Uh-Oh, Honey, I think we just bought a house!

Nice Job!  You have made the decision to purchase a new home. You have been pre-approved for a mortgage. You have worked with real estate professionals to find the right house, get the inspection, get through attorney’s approval and are waiting to close escrow on the house of your dreams. You are doing this!  This is an exciting time. If you are working with a real estate agent, they have probably gone through a checklist of items to ensure that all the I’s are dotted and the T’s crossed. Keep your eye on the ball. It is easy to get excited about decorating your new home, landscaping, and other things that you do when you move in. There is one last thing that you should be diligent with. The final walk through.

As a home inspection company, we periodically get calls from upset homeowners that something is not working or is wrong with their new home. Too often, these problems were not present at the original inspection, but have cropped up during the 45-60 days between the home inspection and closing. We often find that the things that are wrong could have been found prior to closing if the home buyers had simply slowed down and done a thorough walk-through of their property before the closing. Below are some suggestions for performing a thorough walk-through.

Check the Electrical system

Turn on lights in all rooms. Bring along an outlet tester or bring along your cell phone charger to ensure that all the electrical outlets are working. Verify that the security system, doorbells, and garage doors are working.

Run the HVAC system

One of the first things you will use when you move in will be the Heating, ventilation, and air conditioning system (HVAC). Too often, these systems fail unexpectedly. We recommend that if weather permits, you check both heating and air conditioning at the final walk through. Check heat registers (or radiators) to feel heat entering the home. Go to the exterior air conditioning unit and make sure that at least the fan is running. Better yet, listen to determine if the compressor is running. You should feel cool air coming out of the registers inside the home, and very likely warm air blowing out the top or sides of the outdoor unit (the condenser).

Test the appliances

Check all of the home’s appliances and other mechanical systems. Is there hot water? Does the dishwasher drain? Does the clothes dryer heat? Most important, is the sump pump working?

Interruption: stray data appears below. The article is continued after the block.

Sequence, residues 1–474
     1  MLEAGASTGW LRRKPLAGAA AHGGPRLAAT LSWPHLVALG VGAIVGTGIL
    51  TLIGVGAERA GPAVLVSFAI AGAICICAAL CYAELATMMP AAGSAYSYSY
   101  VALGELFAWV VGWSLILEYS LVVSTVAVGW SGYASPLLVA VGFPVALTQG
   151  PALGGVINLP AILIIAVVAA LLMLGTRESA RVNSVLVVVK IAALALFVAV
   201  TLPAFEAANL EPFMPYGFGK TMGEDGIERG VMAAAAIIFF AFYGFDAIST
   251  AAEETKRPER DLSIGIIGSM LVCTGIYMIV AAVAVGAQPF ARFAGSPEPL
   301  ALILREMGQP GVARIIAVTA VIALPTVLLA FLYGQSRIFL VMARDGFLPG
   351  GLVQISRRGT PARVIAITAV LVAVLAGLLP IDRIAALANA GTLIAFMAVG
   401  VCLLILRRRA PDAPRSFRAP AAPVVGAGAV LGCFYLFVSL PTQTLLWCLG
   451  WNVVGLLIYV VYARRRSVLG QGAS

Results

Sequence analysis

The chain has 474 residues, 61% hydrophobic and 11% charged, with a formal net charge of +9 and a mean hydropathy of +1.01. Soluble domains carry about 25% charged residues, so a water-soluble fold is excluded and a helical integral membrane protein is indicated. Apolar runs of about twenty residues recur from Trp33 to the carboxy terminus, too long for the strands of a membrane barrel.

All these items are easy to check. Do not be rushed through with the assumption that nothing has changed.

What is that stain?

Look at walls, floors and ceilings for stains that were not present at the inspection or any previous walk-throughs. Stains can indicate water leaks, mold growth, or other issues.

Look closely in the bathrooms

Bathrooms are where a lot of problems start. Since the bulk of a home’s water usage is in the bathrooms, leaks, mold, and other problems often show up there first. Make sure the toilets flush!

Look outside

Take a walk around outside the home. Look for loose siding or trim, damaged, or missing roof shingles, and other mechanical damage from trees, bushes, or other vegetation.

Do I need a reinspection if the homeowner had repairs done?

It depends. In our experience, many of the items that the previous homeowner agreed to repair are not done properly or are not repaired at all. It is always a good idea to get paid invoices from the contractors who performed the work. Ideally, the invoices would include a work order stating specifically what work was done. If you are not sure whether the work was done properly, contact your inspector. They may be able to guide you through what to look for.

You are almost at the finish line!

As noted above, this is not a time to let your guard down. Do not get wrapped up in what color you are going to paint Junior’s bedroom. Do that after the closing. We provide a “Pre-closing checklist” that is helpful in performing your walk through. A copy of that document is below.

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